A healthy green lawn not only provides a lush and beautiful foundation for landscaping, it also plays a significant role in cleaning the air we breathe. Through a process called photosynthesis, grasses absorb carbon dioxide from the air and store the carbon in the soil. Recent studies have shown that lawns can actually absorb twice as much carbon from the air and store it in the soil in one year, as a tree can do in 10 years.
Too much carbon dioxide in the atmosphere traps solar heat, which in turn causes global temperatures to rise. So by absorbing carbon dioxide (CO2) from the air, a healthy lawn is actually helping to fight climate change.
It all begins with a healthy lawn. The challenge is, how to hydrate grasses thoroughly, keep plants thriving, and still conserve water during drought conditions. When there is too much irrigation, plant roots deep beneath the ground surface will drown. With too little irrigation, grasses will dry up and die.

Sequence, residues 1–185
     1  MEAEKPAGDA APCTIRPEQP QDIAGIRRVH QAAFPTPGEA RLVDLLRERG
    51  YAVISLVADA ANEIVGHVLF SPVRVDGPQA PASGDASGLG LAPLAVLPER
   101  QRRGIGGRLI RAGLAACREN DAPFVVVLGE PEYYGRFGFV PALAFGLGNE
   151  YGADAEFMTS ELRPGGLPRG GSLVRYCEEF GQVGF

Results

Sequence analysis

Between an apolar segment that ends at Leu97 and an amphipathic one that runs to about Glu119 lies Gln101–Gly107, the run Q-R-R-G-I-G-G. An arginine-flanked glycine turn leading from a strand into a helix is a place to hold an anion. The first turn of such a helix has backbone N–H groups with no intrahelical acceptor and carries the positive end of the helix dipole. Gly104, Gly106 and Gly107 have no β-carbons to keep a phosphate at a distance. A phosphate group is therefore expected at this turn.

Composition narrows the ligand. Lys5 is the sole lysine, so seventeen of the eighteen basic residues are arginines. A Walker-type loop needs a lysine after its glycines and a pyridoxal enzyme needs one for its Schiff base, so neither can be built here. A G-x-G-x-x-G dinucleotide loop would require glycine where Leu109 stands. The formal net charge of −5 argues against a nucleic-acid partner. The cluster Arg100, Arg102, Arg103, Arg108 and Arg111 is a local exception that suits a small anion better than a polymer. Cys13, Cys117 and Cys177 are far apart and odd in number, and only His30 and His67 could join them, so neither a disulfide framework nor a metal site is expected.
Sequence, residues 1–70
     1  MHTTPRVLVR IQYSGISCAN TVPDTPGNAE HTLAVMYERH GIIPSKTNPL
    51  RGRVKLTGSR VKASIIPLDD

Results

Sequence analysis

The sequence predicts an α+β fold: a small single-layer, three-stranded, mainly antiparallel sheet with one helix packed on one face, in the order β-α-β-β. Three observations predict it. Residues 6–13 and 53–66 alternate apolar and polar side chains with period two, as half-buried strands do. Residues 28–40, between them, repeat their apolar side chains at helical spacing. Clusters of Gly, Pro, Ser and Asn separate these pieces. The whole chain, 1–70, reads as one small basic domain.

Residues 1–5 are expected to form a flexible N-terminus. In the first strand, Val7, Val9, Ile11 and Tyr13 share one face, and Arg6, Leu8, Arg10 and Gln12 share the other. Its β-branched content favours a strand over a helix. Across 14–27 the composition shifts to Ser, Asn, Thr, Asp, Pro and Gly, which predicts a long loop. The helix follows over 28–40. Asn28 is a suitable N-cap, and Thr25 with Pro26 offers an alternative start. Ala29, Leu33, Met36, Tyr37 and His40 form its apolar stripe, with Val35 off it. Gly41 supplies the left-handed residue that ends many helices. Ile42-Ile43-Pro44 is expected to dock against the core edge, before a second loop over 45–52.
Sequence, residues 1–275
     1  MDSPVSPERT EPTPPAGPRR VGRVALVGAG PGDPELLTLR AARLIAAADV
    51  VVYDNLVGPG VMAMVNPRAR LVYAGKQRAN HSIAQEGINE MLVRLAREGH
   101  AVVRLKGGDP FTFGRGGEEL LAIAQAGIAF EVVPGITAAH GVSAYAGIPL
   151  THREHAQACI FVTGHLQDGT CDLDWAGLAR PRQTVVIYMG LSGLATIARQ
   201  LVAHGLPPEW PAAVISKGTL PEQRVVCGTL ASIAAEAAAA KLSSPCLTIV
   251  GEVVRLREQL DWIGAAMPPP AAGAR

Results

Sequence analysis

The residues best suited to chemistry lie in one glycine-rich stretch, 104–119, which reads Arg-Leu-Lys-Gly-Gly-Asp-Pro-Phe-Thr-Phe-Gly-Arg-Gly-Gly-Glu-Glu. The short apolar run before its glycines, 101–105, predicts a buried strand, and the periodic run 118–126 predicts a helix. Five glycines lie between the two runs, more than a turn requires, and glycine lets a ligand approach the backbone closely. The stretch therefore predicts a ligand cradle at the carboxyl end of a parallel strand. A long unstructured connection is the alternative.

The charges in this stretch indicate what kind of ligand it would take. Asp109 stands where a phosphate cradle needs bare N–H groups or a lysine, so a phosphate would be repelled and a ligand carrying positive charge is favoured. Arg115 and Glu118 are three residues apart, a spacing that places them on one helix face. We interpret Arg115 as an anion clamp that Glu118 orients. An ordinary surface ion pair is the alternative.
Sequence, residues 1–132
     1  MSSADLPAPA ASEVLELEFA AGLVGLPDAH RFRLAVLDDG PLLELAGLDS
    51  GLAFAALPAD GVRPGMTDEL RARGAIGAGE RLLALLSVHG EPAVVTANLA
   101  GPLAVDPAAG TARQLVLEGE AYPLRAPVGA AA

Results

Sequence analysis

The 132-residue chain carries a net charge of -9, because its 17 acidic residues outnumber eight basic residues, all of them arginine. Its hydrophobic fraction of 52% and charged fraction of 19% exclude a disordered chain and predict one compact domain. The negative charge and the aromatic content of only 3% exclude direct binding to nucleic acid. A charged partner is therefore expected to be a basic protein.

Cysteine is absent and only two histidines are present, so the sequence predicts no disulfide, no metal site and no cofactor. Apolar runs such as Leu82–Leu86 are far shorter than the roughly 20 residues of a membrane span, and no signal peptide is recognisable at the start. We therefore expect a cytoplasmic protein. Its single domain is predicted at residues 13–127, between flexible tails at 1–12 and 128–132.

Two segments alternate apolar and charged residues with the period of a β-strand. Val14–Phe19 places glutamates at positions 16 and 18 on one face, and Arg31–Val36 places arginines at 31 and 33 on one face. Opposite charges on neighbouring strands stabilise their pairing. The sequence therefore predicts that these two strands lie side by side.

Simply turning on the sprinkler system on a timer doesn’t guarantee that plant roots beneath the ground surface are getting the proper amount of hydration to keep plants and grasses above ground healthy. Watering too frequently on a timer when plant roots don’t need more hydration will result in sodden root systems, and wasteful water run-off above ground.
The simple solution is to direct water to where it’s needed most, in the root zone. Here’s where Soil Moisture Sensors can take charge. Embedded deep in the soil around the root zone, sensitive Soil Moisture Sensors will send a high frequency pulse of electricity down an embedded wire path to the Smart Irrigation Controller, transmitting how much moisture is in the root zone, and if more hydration is needed—no more, no less. These sensitive Soil Moisture Sensors can take readings within ± 3 percent of the actual volumetric soil moisture content, which allows for the best possible irrigation decisions from the Smart Controller.